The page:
Great examples of comedy dominant horror are Beetlejuice and Ghostbusters (1984). On this end of the continuum, the emotional response elicited from the audience moves away from threat and disgust toward endorphin-releasing laughter and comedic repulsion. Here is where I think we lose some of the horror purists—in the absence of tension and emotional build up. I argue, however, that this end of the spectrum is the zenith of horror comedy. Here is why… in order to really get the jokes, you essentially have to be a huge horror fan. Anyone can watch a horror dominant film and get the desired effects. Not so with comedy dominant. Yes, horror comedy is funny to a wider audience but to get all the references and to truly appreciate the laughter you must be privy to the inside jokes and the smaller intricacies of the genre. While I am not a fan of the Scary Movie franchise, I admit that they are a part of the horror comedy family. Granted they over-rely on dick and fart jokes that I find completely useless, but the overall humor is dependent on the audience understanding the settings, the characters, and the tropes.[ii] Therefore when Elizabeth categorizes Scream Queens with Scary Movie, it only solidifies how it belongs in the family.
Scream Queens is a comedy dominant horror comedy
Fox’s Scream Queens does fall on the side of comedy dominant. This does not negate its inclusion in the horror genre though. Elizabeth argues that by elevating the level of comedy Scream Queens negates its potential as horror. Here is where I feel the need to clarify my divergence from her opinion. While, yes, it does showcase the comedy, I argue that the comedy in the film is so dependent on the horror genre that it is impossible to distinguish the two. Unlike Scary Movie, which fundamentally relies on sight gags, deformities, and potty humor, Scream Queens is a particularly smart horror comedy. The show doesn’t assume the audience’s stupidity or interest in catching a glimpse of a penis. Scream Queens counts on its viewers to know that fighting the killer is often futile (hence the baseball bat scene), that the killer is always one step ahead, that there will be no quick reveal, and that the killer has really bad aim sometimes. Recognizing the chainsaw wielding Red Devil as Leatherface is part of that meta-commentary.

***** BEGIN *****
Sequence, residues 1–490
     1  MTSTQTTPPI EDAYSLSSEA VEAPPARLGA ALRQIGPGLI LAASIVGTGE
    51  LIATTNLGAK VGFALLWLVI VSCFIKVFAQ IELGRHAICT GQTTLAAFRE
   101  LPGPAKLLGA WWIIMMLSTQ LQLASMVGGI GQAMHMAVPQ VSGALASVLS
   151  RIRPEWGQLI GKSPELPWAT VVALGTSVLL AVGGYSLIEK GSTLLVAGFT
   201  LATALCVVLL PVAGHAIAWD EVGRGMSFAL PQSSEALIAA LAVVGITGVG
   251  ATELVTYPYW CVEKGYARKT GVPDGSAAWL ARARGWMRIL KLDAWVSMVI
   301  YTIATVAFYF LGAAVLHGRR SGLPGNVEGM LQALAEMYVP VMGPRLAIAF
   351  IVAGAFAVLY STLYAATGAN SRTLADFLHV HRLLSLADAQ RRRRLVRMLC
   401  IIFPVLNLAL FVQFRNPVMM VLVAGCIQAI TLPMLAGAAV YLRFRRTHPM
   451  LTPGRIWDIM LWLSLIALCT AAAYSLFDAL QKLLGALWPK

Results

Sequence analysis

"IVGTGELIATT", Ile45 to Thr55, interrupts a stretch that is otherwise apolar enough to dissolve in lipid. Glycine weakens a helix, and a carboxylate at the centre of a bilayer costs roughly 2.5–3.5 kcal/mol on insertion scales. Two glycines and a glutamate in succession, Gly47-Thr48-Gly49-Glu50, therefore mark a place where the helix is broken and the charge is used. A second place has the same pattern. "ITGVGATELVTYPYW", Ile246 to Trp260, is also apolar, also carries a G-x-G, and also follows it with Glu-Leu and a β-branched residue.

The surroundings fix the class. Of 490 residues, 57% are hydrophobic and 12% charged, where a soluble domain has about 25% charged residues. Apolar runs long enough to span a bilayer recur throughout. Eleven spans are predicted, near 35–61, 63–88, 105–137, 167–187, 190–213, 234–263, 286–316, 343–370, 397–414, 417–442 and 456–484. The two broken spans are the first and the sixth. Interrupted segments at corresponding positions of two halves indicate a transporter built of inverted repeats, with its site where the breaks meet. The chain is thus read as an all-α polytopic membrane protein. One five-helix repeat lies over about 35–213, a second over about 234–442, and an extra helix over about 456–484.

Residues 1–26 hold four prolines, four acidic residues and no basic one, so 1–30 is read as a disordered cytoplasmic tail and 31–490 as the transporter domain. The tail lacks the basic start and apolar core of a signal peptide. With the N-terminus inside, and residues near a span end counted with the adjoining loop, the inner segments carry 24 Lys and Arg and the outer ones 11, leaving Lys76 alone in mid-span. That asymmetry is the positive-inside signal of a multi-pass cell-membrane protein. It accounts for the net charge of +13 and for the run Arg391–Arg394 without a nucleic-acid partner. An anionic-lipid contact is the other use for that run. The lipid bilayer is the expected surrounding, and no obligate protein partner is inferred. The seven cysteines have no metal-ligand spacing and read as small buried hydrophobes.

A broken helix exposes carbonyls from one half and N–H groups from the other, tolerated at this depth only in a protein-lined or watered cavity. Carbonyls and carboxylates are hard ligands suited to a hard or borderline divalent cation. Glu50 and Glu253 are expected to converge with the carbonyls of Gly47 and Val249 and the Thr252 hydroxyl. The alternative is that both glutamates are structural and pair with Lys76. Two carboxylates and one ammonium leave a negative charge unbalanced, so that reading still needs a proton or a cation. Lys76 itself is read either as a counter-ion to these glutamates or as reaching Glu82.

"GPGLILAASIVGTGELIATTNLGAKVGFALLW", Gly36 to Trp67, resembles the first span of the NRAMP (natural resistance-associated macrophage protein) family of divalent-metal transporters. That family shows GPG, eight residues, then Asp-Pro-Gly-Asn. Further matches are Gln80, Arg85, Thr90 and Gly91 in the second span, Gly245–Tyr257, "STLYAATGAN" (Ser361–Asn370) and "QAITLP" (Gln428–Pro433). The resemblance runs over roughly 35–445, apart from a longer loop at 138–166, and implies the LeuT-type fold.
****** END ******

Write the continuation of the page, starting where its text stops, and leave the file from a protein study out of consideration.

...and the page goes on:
Arguing that there is no tension in Scream Queens would be remiss. Perhaps critics of this show have simply become numb to the tension after watching too many torture porn films. Compared to Saw (2004) the tension of being buried up to your neck in the backyard while hearing the blades of a lawnmower fire up might pale in comparison. The fact that Red Devil seems to pick his victims at random keeps the pressure high. No one expected the security guard to have her throat slashed, especially after we were anticipating the killer to be upstairs. (Zayday prompted us to think that, and typical horror trope would have us believe it.)
I know it’s early in the season, so time will tell. But arguing that Scream Queens isn’t horror is invalidating horror comedy as a subgenre. Understandably, the purists want tension, gore, and scares—but that would just be more of the same. I am not an objective party in this debate. I love cheese, sarcasm, and wit with my horror. I want to laugh at things that society tells me not to. Whereas the buildup of emotion may not be quite the same, the cathartic release certainly is.
[ii] I can’t complain about the potty humor as those of you know who have read my reviews on The Visit and The Green Inferno, both M. Night Shyamalan and Eli Roth had extended scenes involving fecal matter. So apparently this is becoming a “thing.” As per horror scholar Noel Carroll I suppose it serves the end of emphasizing the repulsive.